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Couscous vs Rice noodles: What’s The Difference?

This article explains the key similarities and differences between couscous and rice noodles, foods from the grains food group. Read on to learn more about the couscous vs rice noodles comparison.
Dennis Gillett, Health & Fitness Writer

Written by Dennis Gillett, Health & Fitness Writer. Updated on January 25, 2023.

Couscous and rice noodles belong to the grains food group, one of the staple food groups for people on a plant-based diet.

Grains and grain products are an affordable source of carbohydrates, as well as essential vitamins and minerals, including B vitamins (such as thiamin, riboflavin, and niacin), iron, and zinc, minerals that are usually harder to get on a plant-based diet.

They also provide a small amount of protein and healthy fats.

However, it is important to note that whole grains are generally a better source of these nutrients than refined grains.

This article will thoroughly compare couscous and rice noodles and help you learn more about their similarities and differences.


Couscous (Couscous) is a type of pasta made from small, round granules of semolina, which is the coarsely ground endosperm of durum wheat.

It is a good source of carbohydrates and small amounts of protein, fiber, vitamins, and minerals like iron and B vitamins, depending on the ingredients used in the dish’s preparation.

Couscous is a staple food in North Africa and the Middle East and is traditionally served as a side dish or as a base for stews and salads. It is also gluten-free and easy to digest.

Couscous can be enjoyed in various ways. It can be cooked in different sauces, with herbs and spices, and can also be used in salads and soups. It can also be paired with vegetables and lean protein sources such as legumes and in moderate portions.

Couscous is an excellent source of Vitamin B5 (Pantothenic acid).

It also contains a good amount of Vitamin B1 (Thiamine), and Vitamin B3 (Niacin) and some Vitamin B2 (Riboflavin), Vitamin B6 (Pyroxidine), and Vitamin B9 (Folate).

Rice noodles

Rice noodles (Oryza sativa) are a type of pasta made from rice flour and water and are commonly used in many Asian cuisines such as Chinese, Thai, and Vietnamese.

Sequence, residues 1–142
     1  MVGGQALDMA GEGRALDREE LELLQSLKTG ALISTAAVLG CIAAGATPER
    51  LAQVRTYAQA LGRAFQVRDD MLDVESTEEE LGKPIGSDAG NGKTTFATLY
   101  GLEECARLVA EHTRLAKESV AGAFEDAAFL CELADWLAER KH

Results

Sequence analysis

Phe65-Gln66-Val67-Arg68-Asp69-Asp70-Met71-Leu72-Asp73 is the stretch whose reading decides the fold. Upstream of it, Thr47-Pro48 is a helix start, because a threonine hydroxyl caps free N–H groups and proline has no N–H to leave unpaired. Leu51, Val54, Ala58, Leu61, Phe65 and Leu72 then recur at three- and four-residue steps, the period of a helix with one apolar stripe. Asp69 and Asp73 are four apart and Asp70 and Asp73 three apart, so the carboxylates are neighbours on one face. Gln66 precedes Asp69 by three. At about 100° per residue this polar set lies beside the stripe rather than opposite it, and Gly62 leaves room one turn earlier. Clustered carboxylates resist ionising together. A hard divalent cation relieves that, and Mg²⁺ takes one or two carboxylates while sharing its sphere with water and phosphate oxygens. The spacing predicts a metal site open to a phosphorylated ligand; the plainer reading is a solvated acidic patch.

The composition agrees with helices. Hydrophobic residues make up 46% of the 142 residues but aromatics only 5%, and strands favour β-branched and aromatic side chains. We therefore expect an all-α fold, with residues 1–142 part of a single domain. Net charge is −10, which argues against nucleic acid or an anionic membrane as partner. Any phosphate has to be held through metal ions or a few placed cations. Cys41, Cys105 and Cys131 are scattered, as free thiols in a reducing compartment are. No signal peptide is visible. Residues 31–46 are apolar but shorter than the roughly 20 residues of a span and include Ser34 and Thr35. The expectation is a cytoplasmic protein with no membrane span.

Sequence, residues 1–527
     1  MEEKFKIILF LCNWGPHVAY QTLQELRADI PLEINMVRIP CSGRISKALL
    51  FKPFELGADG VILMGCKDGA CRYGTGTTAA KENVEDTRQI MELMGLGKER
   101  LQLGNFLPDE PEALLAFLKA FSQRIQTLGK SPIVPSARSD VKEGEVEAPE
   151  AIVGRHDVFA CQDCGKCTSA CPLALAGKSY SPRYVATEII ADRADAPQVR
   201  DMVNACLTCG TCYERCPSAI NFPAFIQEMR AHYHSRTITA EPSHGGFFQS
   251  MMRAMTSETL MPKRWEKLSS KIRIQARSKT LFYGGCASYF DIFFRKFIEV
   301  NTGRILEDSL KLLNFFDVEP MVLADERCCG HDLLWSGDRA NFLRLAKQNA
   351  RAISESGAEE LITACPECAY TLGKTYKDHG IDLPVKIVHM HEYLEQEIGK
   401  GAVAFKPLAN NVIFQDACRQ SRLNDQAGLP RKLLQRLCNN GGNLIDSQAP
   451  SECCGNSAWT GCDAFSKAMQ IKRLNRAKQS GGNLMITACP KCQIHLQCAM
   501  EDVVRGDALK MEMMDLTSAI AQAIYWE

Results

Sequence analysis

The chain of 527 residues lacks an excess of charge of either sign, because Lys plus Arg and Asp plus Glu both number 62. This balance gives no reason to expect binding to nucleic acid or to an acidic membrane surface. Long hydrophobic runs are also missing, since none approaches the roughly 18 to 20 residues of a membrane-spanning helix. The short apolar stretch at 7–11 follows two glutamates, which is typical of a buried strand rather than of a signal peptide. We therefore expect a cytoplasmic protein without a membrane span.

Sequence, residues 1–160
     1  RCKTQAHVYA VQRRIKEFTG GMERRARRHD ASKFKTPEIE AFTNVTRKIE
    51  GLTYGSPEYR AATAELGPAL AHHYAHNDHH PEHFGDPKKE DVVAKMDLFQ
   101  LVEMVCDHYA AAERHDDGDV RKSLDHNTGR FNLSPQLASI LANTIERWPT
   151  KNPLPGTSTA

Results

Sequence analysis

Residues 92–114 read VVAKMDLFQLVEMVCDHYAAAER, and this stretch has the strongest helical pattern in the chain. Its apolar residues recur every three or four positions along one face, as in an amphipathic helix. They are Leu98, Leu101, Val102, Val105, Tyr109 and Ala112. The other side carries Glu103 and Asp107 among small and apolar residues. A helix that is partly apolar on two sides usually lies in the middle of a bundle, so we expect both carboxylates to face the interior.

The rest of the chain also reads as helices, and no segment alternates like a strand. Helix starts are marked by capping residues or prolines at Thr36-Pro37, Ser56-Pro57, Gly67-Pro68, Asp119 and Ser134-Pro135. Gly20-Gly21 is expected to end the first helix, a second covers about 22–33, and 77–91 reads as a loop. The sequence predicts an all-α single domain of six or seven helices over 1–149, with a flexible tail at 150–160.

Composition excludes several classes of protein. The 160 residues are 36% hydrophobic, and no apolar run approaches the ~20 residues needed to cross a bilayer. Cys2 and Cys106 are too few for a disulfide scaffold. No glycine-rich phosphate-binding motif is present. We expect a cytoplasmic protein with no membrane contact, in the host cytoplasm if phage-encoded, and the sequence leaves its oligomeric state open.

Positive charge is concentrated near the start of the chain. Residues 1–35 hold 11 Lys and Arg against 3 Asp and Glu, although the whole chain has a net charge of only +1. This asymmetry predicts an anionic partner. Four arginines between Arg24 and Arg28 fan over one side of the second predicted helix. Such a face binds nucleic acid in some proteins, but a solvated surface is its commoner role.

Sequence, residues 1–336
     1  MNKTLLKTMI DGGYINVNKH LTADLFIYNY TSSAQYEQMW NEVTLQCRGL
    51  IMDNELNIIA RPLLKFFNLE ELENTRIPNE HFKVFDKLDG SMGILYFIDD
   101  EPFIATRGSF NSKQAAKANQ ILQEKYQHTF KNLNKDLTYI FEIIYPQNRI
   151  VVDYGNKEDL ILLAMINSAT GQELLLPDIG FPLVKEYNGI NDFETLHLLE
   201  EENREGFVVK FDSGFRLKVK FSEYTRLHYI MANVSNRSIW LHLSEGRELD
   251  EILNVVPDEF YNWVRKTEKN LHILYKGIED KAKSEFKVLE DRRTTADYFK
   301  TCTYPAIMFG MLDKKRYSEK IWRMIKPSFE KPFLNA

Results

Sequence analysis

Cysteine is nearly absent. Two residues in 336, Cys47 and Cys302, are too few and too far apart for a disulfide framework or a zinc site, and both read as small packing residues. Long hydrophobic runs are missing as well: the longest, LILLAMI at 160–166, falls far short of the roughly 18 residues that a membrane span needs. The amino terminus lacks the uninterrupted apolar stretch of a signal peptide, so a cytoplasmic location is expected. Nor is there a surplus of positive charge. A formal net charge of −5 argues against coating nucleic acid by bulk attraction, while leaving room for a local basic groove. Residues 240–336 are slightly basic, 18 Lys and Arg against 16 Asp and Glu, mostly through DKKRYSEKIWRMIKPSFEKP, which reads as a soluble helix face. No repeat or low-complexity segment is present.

They are a good source of carbohydrates, small amounts of protein and fibers. They are gluten-free and easy to digest, making them a great option for people with gluten sensitivities or celiac disease.

Rice noodles can be used in various dishes such as soups, stir-fries, and salads. They are often used in traditional Asian dishes like pho, pad Thai, and chow mein. They are also available in different widths and lengths and can be used in various ways to suit different dishes and preferences.

Rice noodles are considered a functional food, as they have been shown to positively impact health when consumed regularly as part of a balanced diet. They are also a sustainable crop, as they are easy to grow and have a low environmental impact.

Rice noodles is not an excellent source of any particular vitamin.

Couscous vs Rice noodles Nutrition

Now that we’ve described the origin, taste, and usage of these foods, we can move to the most interesting part – comparing couscous vs rice noodles.

This comparison will start by comparing the caloric value of couscous and rice noodles and their macronutrients and then go more in-depth by analyzing their vitamin and mineral content.

CouscousRice noodles
Energy376 kcal364 kcal
Carbs77.4 g80.2 g
Sugar0 g0.12 g
Fiber5 g1.6 g
Protein12.8 g5.95 g
Fat0.64 g0.56 g
Saturated Fat0.117 g0.153 g

Couscous vs Rice noodles Calories

Most calories in grains come from carbs.

Comparing rice noodles vs couscous for weight loss, rice noodles is slightly lower in calories, with 364 calories per 100 grams, compared to 376 calories per 100 grams of couscous.

However, both couscous and rice noodles can and should be a part of a healthy diet, and neither one shouldn’t be avoided if you’re looking to lose weight.

Couscous vs Rice noodles Protein

Grains and most grain products, including couscous and rice noodles, are important sources of plant-based protein.

However, it should be noted that most grains, with the exception of quinoa and buckwheat, for example, are low in lysine and methionine.

That said, you can combine grains with legumes to get a complete protein.

Couscous offers around 54% more protein than rice noodles.